If “remembering the Holocaust” is an essential part of what it means to be Jewish, then it follows that a substantial core of Jewish identity is primarily defined by heinous acts committed by Nazis upon Jews. In a tragic twist of history, it is the enemy who now writes the story of Jewish identity and who determines its emphases.

Perhaps even more regrettably, this “essential” feature of being Jewish is characterized by gaping loss, appalling destruction, and unremitting sadness. Hence, according to the popular view, the most pivotal component of Jewishness actually emerged post-1933 in the form of a horrendous cataclysm that was fashioned by others; and Jewishness is devoted to recalling this nightmare so that nobody should forget what happened.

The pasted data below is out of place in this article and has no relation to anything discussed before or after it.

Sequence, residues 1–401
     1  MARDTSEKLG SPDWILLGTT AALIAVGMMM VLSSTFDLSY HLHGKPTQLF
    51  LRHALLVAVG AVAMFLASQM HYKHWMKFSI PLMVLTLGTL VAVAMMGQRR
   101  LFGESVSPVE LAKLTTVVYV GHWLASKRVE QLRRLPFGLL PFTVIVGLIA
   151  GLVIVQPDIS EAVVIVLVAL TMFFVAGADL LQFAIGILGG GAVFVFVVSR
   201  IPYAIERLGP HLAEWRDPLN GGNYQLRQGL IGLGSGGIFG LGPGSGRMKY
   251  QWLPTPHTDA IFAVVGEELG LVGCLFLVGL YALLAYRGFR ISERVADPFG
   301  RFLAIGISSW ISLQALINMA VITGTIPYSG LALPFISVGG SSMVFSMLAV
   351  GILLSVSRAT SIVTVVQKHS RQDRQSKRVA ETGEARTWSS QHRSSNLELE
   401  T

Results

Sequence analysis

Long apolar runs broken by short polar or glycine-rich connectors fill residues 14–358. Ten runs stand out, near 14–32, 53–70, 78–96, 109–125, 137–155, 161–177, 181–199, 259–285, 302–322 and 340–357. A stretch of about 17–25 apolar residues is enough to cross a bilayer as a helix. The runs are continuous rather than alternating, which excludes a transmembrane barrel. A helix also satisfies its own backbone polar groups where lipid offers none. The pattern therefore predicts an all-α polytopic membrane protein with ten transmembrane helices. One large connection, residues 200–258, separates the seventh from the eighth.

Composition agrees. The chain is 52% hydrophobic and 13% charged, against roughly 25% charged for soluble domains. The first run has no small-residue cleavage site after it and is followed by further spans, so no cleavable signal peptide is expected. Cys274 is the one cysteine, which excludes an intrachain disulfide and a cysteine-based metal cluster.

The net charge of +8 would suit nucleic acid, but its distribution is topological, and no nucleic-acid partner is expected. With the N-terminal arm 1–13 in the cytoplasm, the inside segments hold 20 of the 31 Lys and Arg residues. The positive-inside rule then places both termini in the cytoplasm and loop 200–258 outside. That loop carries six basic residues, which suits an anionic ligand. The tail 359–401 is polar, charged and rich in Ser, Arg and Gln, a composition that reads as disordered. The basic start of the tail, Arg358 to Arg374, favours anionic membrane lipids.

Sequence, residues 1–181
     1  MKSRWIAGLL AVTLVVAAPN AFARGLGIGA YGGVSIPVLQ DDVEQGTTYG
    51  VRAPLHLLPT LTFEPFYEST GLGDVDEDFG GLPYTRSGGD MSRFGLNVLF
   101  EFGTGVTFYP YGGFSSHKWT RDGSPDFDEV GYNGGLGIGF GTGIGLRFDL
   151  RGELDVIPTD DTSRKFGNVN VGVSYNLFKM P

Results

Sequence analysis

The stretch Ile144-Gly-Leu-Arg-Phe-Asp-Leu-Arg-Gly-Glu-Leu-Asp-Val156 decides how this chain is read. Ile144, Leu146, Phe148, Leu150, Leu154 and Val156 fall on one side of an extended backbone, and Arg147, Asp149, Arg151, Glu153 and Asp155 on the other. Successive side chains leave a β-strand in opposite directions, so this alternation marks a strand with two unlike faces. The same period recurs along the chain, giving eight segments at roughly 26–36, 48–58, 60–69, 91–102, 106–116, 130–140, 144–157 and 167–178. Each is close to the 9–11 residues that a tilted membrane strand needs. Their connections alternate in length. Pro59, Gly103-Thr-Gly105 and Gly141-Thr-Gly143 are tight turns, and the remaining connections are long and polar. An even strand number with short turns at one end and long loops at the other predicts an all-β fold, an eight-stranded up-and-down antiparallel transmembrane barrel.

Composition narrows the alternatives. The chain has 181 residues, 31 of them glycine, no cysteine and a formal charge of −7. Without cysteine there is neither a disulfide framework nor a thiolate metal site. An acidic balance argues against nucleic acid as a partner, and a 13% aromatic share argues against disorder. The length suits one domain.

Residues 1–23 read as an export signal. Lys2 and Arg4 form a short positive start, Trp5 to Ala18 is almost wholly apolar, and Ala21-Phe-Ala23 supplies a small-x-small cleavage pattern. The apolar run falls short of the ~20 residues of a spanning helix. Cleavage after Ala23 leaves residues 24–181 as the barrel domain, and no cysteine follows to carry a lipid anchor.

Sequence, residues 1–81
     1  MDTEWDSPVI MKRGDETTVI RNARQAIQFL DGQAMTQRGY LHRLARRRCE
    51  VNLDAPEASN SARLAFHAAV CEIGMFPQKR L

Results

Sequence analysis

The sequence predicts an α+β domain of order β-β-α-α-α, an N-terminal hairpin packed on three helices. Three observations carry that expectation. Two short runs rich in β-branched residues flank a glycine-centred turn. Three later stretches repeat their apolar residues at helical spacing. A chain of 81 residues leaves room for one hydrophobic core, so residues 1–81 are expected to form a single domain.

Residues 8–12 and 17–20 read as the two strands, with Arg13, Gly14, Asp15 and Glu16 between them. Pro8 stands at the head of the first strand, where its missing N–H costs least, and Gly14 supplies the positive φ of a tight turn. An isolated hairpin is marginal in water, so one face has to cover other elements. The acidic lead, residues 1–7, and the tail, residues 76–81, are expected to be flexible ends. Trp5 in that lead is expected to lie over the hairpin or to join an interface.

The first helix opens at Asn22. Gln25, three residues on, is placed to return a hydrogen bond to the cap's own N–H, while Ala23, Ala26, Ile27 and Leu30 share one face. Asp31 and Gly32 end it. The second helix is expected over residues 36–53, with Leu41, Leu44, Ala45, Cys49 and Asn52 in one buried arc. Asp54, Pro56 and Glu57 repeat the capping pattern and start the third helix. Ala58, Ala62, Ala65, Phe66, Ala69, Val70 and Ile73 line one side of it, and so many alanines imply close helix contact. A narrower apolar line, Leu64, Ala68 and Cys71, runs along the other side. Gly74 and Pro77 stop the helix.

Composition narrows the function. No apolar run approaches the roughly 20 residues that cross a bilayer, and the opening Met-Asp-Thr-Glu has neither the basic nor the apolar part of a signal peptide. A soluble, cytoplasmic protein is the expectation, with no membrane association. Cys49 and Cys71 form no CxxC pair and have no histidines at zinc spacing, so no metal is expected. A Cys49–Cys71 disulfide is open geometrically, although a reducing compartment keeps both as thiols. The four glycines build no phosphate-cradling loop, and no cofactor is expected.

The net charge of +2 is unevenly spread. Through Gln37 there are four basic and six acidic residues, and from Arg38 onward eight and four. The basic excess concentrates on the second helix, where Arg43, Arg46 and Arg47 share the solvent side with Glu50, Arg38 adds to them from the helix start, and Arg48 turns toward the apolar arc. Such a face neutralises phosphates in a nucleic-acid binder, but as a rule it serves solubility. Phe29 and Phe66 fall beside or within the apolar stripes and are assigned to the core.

Let there be no doubt: it is vitally important to remember the Holocaust and its lessons. But it is also vitally important to acknowledge that remembering the Holocaust is no more essential to being Jewish than remembering 9-11 is essential to being American. Both memories are of great consequence, but neither shapes the “essential meaning” of the nation.

Rabbi Dr. Daniel Schiff, “Remembering Our Identity”, eJewish Philanthropy (2 January 2014).

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